Browser Add-ons, Mozilla, Mozilla Firefox, RSS, RSS Ticker

Major RSS Ticker Update Coming: What You Need to Know

RSS Ticker has been an alternative to Web-based feed readers since 2006, displaying feed updates directly in users’ browsers. It hasn’t seen significant change in a while, but some of the internal Firefox code used by RSS Ticker has changed enough that in order for it to remain functional in Firefox 22, its entire architecture would have to change. That’s a lot of work.

RSS Ticker

I didn’t want to abandon RSS Ticker’s users (especially with the shutdown of Google Reader imminent, already leaving one less feed reading option), but I also couldn’t dedicate the time to completely rewrite the add-on and keep all of its features. So here’s what I’ve done:

RSS Ticker has been completely rewritten. This has given me the opportunity to use the knowledge I’ve gained in the last seven years of programming to improve the overall design of the ticker and to restructure the code to play nicely with the new Firefox APIs.

What hasn’t changed? RSS Ticker will still scroll your feeds in your browser. You can still choose to put it at the top or bottom of your Firefox window. You can still exclude specific feeds. You can mark as read, mark feeds as read, open in tabs, open all in tabs, etc. You can temporarily disable the ticker. You can change the ticker speed, smoothness, and direction. You can hide the ticker automatically when it’s empty.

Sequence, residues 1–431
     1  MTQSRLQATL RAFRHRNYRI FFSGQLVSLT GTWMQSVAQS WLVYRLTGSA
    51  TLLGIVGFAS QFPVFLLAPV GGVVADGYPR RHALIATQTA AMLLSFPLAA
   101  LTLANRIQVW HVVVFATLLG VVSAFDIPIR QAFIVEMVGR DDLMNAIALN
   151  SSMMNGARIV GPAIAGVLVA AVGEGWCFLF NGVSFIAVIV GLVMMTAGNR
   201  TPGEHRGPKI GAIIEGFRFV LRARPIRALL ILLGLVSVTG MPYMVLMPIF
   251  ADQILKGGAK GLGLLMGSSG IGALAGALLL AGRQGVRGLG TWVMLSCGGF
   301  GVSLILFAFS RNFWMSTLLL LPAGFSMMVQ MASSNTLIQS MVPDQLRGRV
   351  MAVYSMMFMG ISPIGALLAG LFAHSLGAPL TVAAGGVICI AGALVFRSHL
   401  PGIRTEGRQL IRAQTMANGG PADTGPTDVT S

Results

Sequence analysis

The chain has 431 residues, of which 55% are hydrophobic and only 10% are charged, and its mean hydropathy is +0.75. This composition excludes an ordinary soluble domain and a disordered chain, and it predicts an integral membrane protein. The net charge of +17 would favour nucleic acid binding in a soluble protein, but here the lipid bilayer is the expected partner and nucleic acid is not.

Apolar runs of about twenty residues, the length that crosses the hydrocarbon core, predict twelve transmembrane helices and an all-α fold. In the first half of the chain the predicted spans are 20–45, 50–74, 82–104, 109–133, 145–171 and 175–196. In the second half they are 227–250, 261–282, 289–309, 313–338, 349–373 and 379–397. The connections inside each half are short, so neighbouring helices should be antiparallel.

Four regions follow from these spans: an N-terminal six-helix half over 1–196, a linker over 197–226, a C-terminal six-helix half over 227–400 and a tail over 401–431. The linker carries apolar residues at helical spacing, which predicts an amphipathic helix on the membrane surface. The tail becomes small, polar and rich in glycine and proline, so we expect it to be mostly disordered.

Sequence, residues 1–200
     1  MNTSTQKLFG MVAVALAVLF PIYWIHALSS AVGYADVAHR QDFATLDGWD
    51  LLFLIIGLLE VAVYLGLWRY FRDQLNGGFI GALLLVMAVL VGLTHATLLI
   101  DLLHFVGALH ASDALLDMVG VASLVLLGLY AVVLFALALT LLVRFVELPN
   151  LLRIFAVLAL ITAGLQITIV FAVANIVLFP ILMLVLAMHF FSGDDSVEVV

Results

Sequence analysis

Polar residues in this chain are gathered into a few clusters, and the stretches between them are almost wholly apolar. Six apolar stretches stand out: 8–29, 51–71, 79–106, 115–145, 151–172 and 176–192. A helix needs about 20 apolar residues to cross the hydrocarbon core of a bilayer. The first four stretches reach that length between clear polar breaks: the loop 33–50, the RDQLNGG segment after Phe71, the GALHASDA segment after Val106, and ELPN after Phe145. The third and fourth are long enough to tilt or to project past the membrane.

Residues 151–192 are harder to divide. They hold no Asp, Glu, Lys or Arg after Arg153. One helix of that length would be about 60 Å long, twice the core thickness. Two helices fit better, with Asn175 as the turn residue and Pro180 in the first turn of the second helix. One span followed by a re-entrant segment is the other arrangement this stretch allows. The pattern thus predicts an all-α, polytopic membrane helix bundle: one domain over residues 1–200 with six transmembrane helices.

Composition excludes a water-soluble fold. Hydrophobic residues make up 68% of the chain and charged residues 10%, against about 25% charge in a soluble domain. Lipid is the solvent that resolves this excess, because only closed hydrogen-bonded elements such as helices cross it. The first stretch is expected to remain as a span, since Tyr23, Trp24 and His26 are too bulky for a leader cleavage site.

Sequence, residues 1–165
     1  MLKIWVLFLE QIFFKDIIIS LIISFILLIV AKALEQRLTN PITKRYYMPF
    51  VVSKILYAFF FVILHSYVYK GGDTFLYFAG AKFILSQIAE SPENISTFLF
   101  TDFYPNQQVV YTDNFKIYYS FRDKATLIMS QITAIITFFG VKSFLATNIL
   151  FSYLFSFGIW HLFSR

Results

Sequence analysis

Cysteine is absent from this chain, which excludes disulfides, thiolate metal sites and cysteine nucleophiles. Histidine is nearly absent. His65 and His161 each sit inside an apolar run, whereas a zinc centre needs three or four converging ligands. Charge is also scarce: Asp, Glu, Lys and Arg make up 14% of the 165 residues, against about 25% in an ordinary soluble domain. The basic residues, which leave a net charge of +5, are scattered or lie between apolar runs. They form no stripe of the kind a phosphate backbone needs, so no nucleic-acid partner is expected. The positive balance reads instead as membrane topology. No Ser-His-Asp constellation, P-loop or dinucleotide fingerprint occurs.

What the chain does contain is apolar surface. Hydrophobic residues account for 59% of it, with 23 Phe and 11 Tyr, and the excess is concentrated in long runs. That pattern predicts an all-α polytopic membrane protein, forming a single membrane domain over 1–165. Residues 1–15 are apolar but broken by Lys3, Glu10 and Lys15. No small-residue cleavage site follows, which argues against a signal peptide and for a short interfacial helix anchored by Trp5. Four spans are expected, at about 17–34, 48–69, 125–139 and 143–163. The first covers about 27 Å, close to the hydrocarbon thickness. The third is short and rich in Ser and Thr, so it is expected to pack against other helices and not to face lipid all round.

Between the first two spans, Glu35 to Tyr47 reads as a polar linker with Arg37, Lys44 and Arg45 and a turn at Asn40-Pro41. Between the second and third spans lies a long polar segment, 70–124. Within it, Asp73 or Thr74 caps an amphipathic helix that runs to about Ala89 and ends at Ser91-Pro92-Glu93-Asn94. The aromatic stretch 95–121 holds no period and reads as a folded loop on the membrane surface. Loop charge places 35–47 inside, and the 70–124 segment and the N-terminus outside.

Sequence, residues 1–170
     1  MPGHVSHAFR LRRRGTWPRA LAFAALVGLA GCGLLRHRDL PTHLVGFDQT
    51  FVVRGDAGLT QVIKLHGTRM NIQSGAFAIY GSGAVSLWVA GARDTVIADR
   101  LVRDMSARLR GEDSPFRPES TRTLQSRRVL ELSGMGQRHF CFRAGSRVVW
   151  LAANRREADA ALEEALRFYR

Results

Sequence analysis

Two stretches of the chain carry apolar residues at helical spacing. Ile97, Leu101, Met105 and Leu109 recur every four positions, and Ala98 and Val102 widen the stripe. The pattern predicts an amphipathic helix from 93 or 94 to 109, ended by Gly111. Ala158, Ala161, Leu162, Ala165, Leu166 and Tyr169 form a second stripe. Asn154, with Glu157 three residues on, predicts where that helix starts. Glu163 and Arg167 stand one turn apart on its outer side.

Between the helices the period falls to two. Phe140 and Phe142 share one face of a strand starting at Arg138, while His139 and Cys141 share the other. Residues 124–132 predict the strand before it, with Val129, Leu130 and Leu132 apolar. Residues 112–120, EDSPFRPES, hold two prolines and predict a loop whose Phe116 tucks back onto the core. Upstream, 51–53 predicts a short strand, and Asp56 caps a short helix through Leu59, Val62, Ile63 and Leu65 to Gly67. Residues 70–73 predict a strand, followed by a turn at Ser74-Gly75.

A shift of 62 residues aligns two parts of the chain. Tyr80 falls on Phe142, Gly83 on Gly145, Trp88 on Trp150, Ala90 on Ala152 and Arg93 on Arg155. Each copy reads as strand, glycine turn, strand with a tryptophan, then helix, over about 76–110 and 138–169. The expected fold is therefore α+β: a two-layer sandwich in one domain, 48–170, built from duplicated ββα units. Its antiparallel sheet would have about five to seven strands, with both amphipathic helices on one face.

What has changed? In order to continue supporting RSS Ticker, I’ve had to drop a number of features. Here are some things you can no longer do with RSS Ticker:

  • Manually refresh the feeds.
  • Specify how often the feeds should refresh.
  • Randomize the order of the ticker items
  • Limit the number of items per feed
  • Display items that have already been read
  • Show unread items in bold
  • Manually limit the width of ticker items
  • Customize the context menu

I know some of you liked and used these features. I’m sorry I had to remove them, but it was the choice between removing them or abandoning the add-on altogether.

A few features haven’t been removed, but they have been changed (a.k.a. “improved”):

1. All of the remaining options (six of them, down from a total of 37) are displayed inline in RSS Ticker’s section of the Add-ons Manager.

RSS Ticker Options

2. If you want to temporarily disable the ticker, just uncheck it in the View > Toolbars menu.

Disable RSS Ticker

3. To remove a feed from the ticker (but not from your bookmarks), right-click on it in the Bookmarks Manager and uncheck “Show in RSS Ticker.”

Show a feed in RSS Ticker

This new version will be available in a couple of weeks after some more testing, but if you’d like to test it early, leave your e-mail address in a comment or ping me at chris@efinke.com and I’ll send you a copy.

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Browser Add-ons, Mozilla, Mozilla Firefox, OPML Support, Programming

OPML Support updated for Firefox 20